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IBM’s Watson teams up with its SIEM platform for smarter, faster event detection

IBM’s Watson teams up with its SIEM platform for smarter, faster event detection

IBM boasts that Watson can come up with a security analysis in 15 minutes that might take a person a week

San Francisco -- IBM’s Watson supercomputer can now consult with the company’s security information and event management (SIEM) platform to deliver well researched responses to security events and do so much faster than a person.

Called IBM Q Radar with Watson, the new offering is the introduction of IBM’s push for a cognitive security operations center (SOC) that will be built around Watson contributing to decisions made in tandem with other security products from the vendor. IBM announced the service at the RSA Conference 2017.

In the case of Q Radar, when the SIEM catches a security event, human security analysts can choose to enlist Watson’s help analyzing the event to determine whether it fits into a known pattern of threat and put it a broader context, IBM says.

To do this, Watson has been fed relevant security research that is continually being updated as analysts publish more blogs and research. That’s more information than a human analyst could hope to keep up with, IBM says. The advantage is that Watson doesn’t forget any of what it has learned and it can sift through its knowledge faster than a person, IBM says. How fast? It can come up with an analysis in 15 minutes that might take a person a week.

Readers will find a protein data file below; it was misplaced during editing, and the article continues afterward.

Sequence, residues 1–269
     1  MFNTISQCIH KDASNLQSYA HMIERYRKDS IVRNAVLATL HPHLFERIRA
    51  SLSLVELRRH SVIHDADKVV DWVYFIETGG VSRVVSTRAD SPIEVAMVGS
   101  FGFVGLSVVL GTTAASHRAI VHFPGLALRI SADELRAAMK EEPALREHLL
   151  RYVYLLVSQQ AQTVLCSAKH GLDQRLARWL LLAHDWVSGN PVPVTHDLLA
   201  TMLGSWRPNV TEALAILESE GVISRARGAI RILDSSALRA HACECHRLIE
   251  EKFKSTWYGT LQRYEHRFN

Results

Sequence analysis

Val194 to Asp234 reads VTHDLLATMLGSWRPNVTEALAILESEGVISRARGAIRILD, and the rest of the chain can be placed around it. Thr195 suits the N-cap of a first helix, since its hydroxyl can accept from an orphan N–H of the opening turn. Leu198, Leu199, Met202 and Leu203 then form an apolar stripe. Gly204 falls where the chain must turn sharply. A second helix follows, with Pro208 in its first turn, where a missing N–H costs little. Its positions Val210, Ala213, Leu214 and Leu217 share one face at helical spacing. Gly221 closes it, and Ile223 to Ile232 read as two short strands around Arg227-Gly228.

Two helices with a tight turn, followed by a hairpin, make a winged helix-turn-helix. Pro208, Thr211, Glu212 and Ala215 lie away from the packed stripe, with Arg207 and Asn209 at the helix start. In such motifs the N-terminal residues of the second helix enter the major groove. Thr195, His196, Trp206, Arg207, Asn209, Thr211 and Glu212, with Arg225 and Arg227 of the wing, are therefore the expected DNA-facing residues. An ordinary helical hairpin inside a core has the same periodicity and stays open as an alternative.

In its investigations, Watson can interact with Q Radar to zero in on the scope of attacks. For example, Watson might find that a security event includes indicators of an attack and compromise that add up to a possible advanced persistent threat from the cyber attack group known under the names CozyDuke, CozyBear, CozyCar or Office Monkeys. Watson can review other data gathered by Q Radar to determine whether there are additional indicators of compromise that point to a broader attack from the group that goes beyond the initial incident being investigated, IBM says.

The company says that the more Watson reads, the more it builds out an understanding of threat intelligence that it can apply to particular events. Underlying its analysis are probability ratings, weighting of incidents and algorithms to sort it all out.

Human analysts can drill down on incidents Watson has researched via descriptions of the threats written in natural language.

Customers have Q Radar on premises and the platform consults with Watson in the cloud.

The service isn’t a replacement for human analysts, but rather a tool for them to work more efficiently and thoroughly, IBM says.

+ MORE FROM RSA: See all the stories from the conference +

Current customers of Q Radar can get the Watson integration as an add-on application, as can new customers.

In addition to Q Radar with Watson, IBM plans to add other tools to its Cognitive SOC including IBM BigFix Detect, which makes for quicker detection of endpoint threats and reduces the time to response. This can tie in to IBM’s incident response platform, Resilient, to jump start and orchestrate remediation of incidents. It also includes IBM’s threat intelligence sharing X-Force Exchange and its threat-hunting platform, i2.

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